Burnet Institute has been cited as an exemplar in health and medical research in an editorial in The Age advocating vigorous and ongoing investment in science in Australia.
The Age singled out Burnet for the excellence of its work in sexual and reproductive health, maternal and child health, infectious diseases and immunisation, and ways to alleviate the harms caused by alcohol and drug abuse.
“Researchers there (Burnet) have just announced they have identified a way that the human body’s immune system utilises proteins to help prevent malaria parasites from infecting red blood cells,” the editorial noted.
“Discoveries such as this can form important steps in the long path to finding vaccines to target diseases, such as malaria, which kill so many people in vulnerable communities around the world.”
The Melbourne-based Walter and Eliza Hall Institute, which is in its centenary year, was also praised for its research into cancer, immune disorders and infectious diseases.
The Age acknowledged Australia’s “quiet achievers” in science and research, who have inspired and directed young minds to probe the mysteries of the world around them.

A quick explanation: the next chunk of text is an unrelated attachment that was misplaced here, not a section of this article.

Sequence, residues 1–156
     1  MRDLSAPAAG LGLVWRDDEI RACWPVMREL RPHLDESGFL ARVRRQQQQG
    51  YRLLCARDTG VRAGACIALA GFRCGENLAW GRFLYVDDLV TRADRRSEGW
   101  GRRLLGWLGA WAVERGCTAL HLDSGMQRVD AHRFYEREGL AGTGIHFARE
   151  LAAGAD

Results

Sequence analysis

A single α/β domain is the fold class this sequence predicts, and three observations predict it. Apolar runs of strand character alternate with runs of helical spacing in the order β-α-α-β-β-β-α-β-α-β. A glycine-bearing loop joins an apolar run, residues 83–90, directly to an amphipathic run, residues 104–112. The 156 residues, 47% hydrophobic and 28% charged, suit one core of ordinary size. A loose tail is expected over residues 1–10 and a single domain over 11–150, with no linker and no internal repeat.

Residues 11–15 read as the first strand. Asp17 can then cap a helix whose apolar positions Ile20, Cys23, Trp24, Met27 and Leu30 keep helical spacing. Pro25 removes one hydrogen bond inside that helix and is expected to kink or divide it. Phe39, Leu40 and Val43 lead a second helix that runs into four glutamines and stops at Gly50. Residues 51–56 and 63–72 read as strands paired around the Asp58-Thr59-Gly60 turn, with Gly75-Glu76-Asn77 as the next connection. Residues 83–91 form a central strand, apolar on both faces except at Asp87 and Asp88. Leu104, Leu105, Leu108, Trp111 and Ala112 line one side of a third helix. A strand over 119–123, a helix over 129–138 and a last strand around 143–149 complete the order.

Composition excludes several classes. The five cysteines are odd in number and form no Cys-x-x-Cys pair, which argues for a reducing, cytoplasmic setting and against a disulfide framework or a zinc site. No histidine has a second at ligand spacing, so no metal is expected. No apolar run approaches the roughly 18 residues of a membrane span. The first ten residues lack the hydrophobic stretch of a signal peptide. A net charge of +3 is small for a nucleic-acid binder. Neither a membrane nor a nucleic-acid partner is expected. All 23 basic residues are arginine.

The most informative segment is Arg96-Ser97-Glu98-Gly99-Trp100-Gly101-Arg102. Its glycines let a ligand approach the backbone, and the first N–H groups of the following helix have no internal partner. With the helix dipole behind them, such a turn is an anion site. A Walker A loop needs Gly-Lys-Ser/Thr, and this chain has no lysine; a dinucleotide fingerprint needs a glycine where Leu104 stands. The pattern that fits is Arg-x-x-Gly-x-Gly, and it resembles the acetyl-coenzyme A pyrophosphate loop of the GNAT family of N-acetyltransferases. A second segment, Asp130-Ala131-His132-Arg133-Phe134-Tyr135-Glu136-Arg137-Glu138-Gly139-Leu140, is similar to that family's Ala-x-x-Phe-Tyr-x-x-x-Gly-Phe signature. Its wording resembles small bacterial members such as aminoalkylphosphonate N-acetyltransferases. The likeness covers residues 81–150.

“Research, by its nature, requires patience and endurance,” said the editorial.
“It also requires funds, and while philanthropy goes some way to paying the bills of the luckier, high-profile institutions, many of Australia’s much smaller scientific research facilities simply would not survive without government assistance.”
The editorial criticised the linking of $150 million in research funding with proposals to deregulate university fees.
“Research should not be predicated on such whims,” The Age stated.
“Australia could be a much wealthier and potentially more broadly based economy in future if governments today openly and generously supported scientific research by injecting more funds into the sector.
“The funding might need to be more targeted, but it should not be infected by political ambition. Rather, the dictates should be based on science and on commercial prospects for success.
“Research generates jobs. It is not an extravagance. It should not be used as a bargaining chip to be traded for short-term political gains.”